Edited by jerryR34, 27 January 2014 - 04:55 PM.


#4
gray wolf

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Additionally, where on earth did all that water go afterwards?  And why do we see kangaroos in Australia only and not scattered along the way if descendants took them there?  I'm not saying it couldn't happen, but there are many such puzzles.



#5
Enoch2021

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1. If the flood wasn't the WHOLE EARTH then why did Noah have to take the animals on the Ark?  Wasn't there animals some place else?

2. Or why build the Ark....why not just tell Noah to move?

3. Why build an Ark over 400 feet long if it was only a local Flood?

4. If the Flood was local then did God break his promise not to Flood the world again? Hasn’t the Mesopotamian Valley been flooded many times since Noah?

5. If the Flood was local, why would birds have been sent on board? These could simply have winged across to a nearby mountain range.

 

How about some questions for your questions?

1. How did animals like penquins (flightless birds), Koalas (limited diet) etc that were not native to the middle east get to the ark?

2. Why did God promise not to destroy the world in a flood again?  Why did he seem remorseful?  did he make a mistake?

3. Do you believe that at least of 2 of every species, and their food could be housed on a 400 foot ark for the time it was afloat?

4. Do you believe that the physics that cause rainbows did not exist before the flood?  (i.e. prismatic affect)

5. What good did it do to send out a bird if the ark had no means of steering or propulsion?  What about all the civilizations that existed continuously before and after the flood?

 

 

Congrats, I'm speechless!!

 

Just this...Remember that Heavy Homework we talked about on the other board?  This applies here.



#6
shiloh357

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How did animals like penquins (flightless birds), Koalas (limited diet) etc that were not native to the middle east get to the ark?

 

They were not on the ark, most likely.   Remember that Noah only took two of each kind, not two of each species.   Many species we know of today were probably not even in existence at that time.  So it is likely that many of the animals we are familiar with today were not actually on the ark, but their ancestors were and it was from those ancestors that we have the many modern species alive today.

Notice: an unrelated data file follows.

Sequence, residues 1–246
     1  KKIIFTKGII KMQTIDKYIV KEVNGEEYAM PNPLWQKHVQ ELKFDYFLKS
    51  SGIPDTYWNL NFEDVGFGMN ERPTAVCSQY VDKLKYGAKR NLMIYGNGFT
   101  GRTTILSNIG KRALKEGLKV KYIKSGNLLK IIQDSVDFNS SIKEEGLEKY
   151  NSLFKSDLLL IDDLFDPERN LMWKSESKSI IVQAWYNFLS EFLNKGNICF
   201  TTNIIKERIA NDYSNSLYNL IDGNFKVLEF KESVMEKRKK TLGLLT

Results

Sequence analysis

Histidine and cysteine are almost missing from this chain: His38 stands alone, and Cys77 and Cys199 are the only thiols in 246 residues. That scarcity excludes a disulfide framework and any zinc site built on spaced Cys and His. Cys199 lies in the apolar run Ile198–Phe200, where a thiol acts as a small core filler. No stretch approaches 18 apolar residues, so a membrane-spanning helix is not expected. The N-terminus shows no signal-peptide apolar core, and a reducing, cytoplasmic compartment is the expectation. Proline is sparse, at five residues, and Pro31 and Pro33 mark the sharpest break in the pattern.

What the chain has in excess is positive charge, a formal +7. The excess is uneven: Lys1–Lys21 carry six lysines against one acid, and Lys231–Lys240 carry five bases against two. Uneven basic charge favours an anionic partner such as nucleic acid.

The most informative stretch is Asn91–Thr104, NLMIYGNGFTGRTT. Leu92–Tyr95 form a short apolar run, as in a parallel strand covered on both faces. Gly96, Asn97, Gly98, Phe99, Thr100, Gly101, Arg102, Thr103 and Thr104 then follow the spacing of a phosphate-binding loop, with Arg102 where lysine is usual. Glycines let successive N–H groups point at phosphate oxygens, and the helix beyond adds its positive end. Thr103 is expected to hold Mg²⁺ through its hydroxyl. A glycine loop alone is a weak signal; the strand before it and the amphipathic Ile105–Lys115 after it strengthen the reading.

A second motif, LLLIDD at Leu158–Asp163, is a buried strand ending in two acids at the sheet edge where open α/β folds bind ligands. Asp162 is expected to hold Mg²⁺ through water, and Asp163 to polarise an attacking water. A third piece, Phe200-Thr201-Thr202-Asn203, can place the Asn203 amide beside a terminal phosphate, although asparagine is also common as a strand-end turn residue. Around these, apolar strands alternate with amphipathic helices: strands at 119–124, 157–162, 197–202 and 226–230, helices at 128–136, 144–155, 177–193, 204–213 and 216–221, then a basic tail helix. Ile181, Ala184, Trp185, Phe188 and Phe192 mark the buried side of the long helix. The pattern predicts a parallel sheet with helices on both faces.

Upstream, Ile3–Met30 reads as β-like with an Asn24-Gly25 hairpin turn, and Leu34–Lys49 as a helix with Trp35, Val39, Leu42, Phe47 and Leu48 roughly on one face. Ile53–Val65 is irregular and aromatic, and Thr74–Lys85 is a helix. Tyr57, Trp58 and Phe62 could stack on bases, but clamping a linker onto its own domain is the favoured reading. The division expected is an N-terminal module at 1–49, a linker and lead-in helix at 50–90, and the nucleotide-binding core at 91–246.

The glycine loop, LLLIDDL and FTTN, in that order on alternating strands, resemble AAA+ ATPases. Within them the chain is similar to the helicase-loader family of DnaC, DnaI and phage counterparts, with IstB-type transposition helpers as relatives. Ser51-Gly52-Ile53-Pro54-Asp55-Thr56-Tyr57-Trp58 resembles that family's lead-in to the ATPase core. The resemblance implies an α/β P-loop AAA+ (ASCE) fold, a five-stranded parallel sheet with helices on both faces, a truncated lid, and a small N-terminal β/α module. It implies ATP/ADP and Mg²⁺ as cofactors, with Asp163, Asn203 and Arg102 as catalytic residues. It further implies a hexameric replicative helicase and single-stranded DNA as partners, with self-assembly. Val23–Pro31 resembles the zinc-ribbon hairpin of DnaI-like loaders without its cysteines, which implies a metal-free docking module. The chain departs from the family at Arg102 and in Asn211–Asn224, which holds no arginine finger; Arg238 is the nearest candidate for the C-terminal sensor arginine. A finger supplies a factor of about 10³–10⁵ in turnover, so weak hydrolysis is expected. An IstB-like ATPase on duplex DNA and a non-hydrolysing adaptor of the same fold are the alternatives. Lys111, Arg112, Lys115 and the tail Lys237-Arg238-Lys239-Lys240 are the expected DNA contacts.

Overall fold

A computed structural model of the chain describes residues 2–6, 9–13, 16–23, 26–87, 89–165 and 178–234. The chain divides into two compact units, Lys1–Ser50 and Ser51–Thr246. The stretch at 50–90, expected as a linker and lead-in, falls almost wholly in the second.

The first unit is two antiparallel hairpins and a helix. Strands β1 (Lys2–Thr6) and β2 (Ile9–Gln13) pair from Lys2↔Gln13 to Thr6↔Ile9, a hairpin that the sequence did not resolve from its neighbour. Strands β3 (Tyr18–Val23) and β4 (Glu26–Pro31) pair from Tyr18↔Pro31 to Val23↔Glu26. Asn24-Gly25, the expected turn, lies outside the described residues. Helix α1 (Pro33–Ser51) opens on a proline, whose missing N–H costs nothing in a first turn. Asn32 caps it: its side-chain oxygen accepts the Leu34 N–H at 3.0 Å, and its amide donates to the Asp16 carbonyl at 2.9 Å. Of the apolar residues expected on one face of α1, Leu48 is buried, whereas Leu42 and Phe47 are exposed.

2. Why did God promise not to destroy the world in a flood again?  Why did he seem remorseful?  did he make a mistake?

 

No, He didn't make a mistake.   Nor was God remorseful.  God still judges man.  

 

3. Do you believe that at least of 2 of every species, and their food could be housed on a 400 foot ark for the time it was afloat?

 

Again, Noah didn't take two of every species.  Noah took two of each kind.   For example, German Shepherd, Beagles and Cocker Spaniels are species.   "Dog" is a kind.  Noah only had to to take two of each kind.

 

 

4. Do you believe that the physics that cause rainbows did not exist before the flood?  (i.e. prismatic affect)

 

Why does that even matter?

 

5. What good did it do to send out a bird if the ark had no means of steering or propulsion?  What about all the civilizations that existed continuously before and after the flood?

 

The bird was simply a means of gaguing how fast the water was receding.   What about those civilizations?   What are you asking in reference to them?
 



#7
LookingForAnswers

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They were not on the ark, most likely.   Remember that Noah only took two of each kind, not two of each species.   Many species we know of today were probably not even in existence at that time.  So it is likely that many of the animals we are familiar with today were not actually on the ark, but their ancestors were and it was from those ancestors that we have the many modern species alive today.

 

 

What is the process that it would take for a flying bird in the middle east to become the flightless bird in the South Pole?  Could you go through the steps that would be necessary for this to happen and how long each change would take?



#8
Enoch2021

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Additionally, where on earth did all that water go afterwards?  And why do we see kangaroos in Australia only and not scattered along the way if descendants took them there?  I'm not saying it couldn't happen, but there are many such puzzles.

 

Yes....any answers to the 1st Post?

 

"where on earth did all that water go afterwards?"

 

Could you be looking @ a good portion of it?  You're presupposing that the Topographical Features of the Earth are the same now as they were then.

 

"And why do we see kangaroos in Australia"

 

I haven't the first clue; Unfortunately, kangaroos are outside the scope of expertise. :(



#9
shiloh357